It rained all week, which was really great for the trees and plants around here. California has been in one of the worst droughts and this week the sky finally opened up and made up for its lapse in precipitation. Jack wasn’t very psyched to stay inside all day though. I came home to find him sitting up on the bed looking out the window, doing a little soul searching on a Wednesday afternoon. By the third day of constant down pour, we were all ready to trade in our soggy socks for dry ones. This morning we woke up to see the clouds had cleared. Mila Cat rolled around contently in the shafts of sunlight breaking across the foot of our bed.
Let’s see… this weekend we’re going looking for a tree. A certain kind with branches ready to be adorned with ornaments. One with clusters of evergreen needles that smell like winter. Then I’m sleeping until noon on Sunday, just watch me.
Have a nice weekend.
the cutest sister ever!
a bear footprint!
This past week we flew to Tennessee to spend Thanksgiving with family. We all stayed in a big chalet at the top of a snowy mountain overlooking the town of Gatlinburg in the Great Smokey Mountains. It was fun to get together and eat green bean casserole and pie, watch movies, play poker, dodge snowballs from being thrown at each other, and just relax with the glow of a fire heating the room. While we were there we taste-tested authentic Tennessee moonshine and ate pizza in town. In the mornings we woke later than usual, lounged around in pajamas while sipping coffee and looked at the black bear footprints in the snow from the back deck (they came through the back yard over night!). We met a new wee family member for the first time and ate an enormous dinner with a house full of other familiar faces both young and old. We had a nice time, but are glad to be back at home snuggling up with Jack and Mila cat. Hope your Thanksgiving was as relaxing as mine. I can’t believe it’s already December…winter is here!
Last weekend we got a new truck. She’s a 1987 Toyota Land Cruiser in the loveliest shade of hunter green. Name’s Lola. La-La-La-La Lola.
We’d been looking for an adventure-mobile for a while now. An old school one with character. One that we could throw a few surf boards on the top of and head down the coast, or lay a mattress in the back and go camping up in Lake Tahoe. An ad for this land cruiser popped up online last week and we collectively decided she was too rad to pass up. So we waited for the weekend and drove down to Santa Monica after work on Friday to check her out.
I was at the hardware store the other day and saw some cool copper piping in the plumbing section. I’d been really feeling copper lately, especially in the kitchen, so I got one of the pipes cut down, brought it home, and made this little rail to hold utensils on in our kitchen. It was simple to make and looks pretty sweet up there, if I do say so myself.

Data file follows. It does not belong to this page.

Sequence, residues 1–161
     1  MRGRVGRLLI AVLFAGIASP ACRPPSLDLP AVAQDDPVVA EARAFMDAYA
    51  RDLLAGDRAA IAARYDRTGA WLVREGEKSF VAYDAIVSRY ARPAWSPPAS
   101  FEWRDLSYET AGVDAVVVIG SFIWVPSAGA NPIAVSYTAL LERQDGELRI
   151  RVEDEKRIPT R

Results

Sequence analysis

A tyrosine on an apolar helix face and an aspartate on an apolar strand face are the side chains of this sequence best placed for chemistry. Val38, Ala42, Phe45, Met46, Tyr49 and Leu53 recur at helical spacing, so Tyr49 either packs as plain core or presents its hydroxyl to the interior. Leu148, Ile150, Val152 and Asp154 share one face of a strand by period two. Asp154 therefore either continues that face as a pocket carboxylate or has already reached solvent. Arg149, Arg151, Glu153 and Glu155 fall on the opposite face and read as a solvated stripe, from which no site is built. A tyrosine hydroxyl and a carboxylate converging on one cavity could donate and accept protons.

Here’s what you’ll need:
18″ of 1/2″ copper piping
2 1/2″ copper plated tube straps
4 1/2″ 45 degree copper elbows
4 1″ phillips-head screws
Copper “S” hooks
Determine the length of piping you need for your space. I chose 18″ since our space was relatively small. I had someone at the hardware store cut down a larger piece of piping since they only came in lengths longer than what I needed. Once you have your desired length of copper pipe, connect two of the copper elbows to each side of the piping, creating a “Z” like shape on each end. This is so your pipe will stick out from the wall about 1/2” and allowing you to hang your “S” hooks on the pipe. Once you’ve connected the elbows, add one tube strap to each end. Using a level, hold the rail to the wall and draw a line where your screws need to be in order for it to be straight on the wall. Then, using a drill, secure the pipe to the wall with the phillips-head screws. I chose silver because I liked the difference in the metals, but copper screws would look good too. If you’re planning on hanging pots, I recommend using anchors to make sure your rail can support the weight. You can also add gorilla glue to the inside of the elbows before connecting them in order to add strength to your rail. Once you’ve put up your rail, add the copper “S” hooks (I used these), and you’re ready to hang your utensils! Good luck!
1. The lesser-known species of wildlandia / 2. For hot toddies / 3. Just hanging around / 4. Excited for scarves / 5. A new bench that we obviously have no idea what to put on / 6. A subway selfie / 7. The neighbor’s pup, from my window
Some music for your weekend
Hilarious, always hilarious.
A cute story about a woman’s first few days with a fiddle leaf fig tree.
Speaking of which, I went on a quest for a fiddle leaf fig tree of my own since they are all the rage right now. I came up empty handed. I just love their big, protuberant leaves and maybe, just maybe, one will come into my possession soon. Let’s see…last night we went to a Hendrix gin tasting event and made blueberry green tea cocktails with some good friends, this weekend we’re heading to LA. You know, the good stuff. Happy weekend, friends.